Slated for theatrical release on 9 July, feature documentary The Loneliest Whale: The Search for 52 took director of photography Alan Jacobsen on a high seas adventure.
“In the film, the whale is most often referred to as he, or him,” said Jacobsen, “I imagine this is likely more a reflection of the male-dominated science and filmmaking teams we had on board.”
From its gender identity to its location — and the reasons behind it’s unique call frequency of 52 hertz — whale number “52” is a mystery, which the team sought to unravel.
Executive produced by Leonardo DiCaprio and Adrian Grenier, The Search for 52 follows a crew of scientists, researchers and filmmakers trying to find and track “52.” First discovered and tracked by the United States Navy, “52” became famous among writers, musicians and artists as its fans discovered the whale via the internet.
“We set out on a ship for the high seas of the Pacific with the world’s top marine biologists, pilots and crew,” said Jacobsen. “We worked with sophisticated, formerly-classified, deep sea sonar probes and GPS camera tags attached to the whales themselves (in dramatic, very-wet, verite scenes).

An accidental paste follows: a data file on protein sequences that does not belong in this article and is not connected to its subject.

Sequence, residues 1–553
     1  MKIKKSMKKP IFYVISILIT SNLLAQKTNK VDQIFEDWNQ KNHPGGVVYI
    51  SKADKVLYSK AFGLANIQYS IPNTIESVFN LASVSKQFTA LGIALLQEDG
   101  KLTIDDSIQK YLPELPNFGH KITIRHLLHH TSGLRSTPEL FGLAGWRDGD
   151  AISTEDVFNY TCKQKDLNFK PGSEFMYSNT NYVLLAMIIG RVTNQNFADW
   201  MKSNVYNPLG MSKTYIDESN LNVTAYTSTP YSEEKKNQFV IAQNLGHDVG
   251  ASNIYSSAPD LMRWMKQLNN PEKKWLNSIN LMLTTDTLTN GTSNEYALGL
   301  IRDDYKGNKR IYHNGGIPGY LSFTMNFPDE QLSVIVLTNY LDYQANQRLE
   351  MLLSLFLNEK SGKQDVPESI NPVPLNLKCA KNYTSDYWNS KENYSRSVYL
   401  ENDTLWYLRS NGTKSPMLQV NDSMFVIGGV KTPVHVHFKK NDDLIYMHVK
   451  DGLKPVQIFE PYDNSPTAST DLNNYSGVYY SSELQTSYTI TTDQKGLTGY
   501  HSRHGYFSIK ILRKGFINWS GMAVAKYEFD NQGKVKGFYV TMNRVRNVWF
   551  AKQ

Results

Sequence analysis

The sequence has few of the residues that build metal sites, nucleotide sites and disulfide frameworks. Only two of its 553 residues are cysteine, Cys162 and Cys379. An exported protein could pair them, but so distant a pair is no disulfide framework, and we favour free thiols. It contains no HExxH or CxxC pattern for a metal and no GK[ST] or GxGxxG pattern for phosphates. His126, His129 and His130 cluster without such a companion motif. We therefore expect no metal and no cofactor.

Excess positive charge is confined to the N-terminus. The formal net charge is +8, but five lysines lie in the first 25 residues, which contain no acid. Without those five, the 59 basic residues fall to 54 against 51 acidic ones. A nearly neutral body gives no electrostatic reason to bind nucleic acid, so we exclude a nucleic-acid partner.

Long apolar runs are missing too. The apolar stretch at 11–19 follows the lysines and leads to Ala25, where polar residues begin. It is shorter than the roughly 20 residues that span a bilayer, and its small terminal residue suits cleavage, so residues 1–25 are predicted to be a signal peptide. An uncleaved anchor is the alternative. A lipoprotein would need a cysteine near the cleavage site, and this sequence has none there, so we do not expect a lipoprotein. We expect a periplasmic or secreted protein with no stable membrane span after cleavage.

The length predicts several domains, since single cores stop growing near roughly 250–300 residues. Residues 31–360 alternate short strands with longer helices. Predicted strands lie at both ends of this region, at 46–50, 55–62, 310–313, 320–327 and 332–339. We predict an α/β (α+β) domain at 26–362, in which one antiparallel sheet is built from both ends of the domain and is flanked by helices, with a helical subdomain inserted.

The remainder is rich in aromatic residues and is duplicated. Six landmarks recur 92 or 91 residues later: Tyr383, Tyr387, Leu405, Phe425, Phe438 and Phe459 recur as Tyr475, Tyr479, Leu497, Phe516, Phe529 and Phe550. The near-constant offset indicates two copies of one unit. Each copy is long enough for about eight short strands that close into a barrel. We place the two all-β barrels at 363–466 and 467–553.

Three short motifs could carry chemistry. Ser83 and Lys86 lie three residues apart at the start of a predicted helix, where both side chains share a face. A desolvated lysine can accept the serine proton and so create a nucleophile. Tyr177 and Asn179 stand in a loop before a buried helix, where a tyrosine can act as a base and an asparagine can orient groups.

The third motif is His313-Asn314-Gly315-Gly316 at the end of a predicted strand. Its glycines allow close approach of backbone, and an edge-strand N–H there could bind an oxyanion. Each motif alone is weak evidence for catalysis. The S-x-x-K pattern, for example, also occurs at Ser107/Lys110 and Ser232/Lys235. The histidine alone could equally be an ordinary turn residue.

“I shot Canon C300mk1 and FX305 cameras with Canon lenses aboard multiple watercraft, underwater — and from the sky — including some of the first use of drone cinematography to accurately position and measure surfacing humpback whales.”
Beyond political or social commentary on assuming the whale’s gender identity, Jacobsen said, “It was a thrilling journey filled with technical and aesthetic challenges, all in service of an affecting story of disconnection and isolation in our overly-connected world. That it is coming out at the tail end of the pandemic is somehow fitting. It hopefully adds an extra layer of resonance to this story of a lonely whale.”
The theatrical release on 9 July will be followed by VOD release on 16 July on Amazon Prime Video, Apple TV and all major on-demand platforms.
BY TEAGAN OLIVER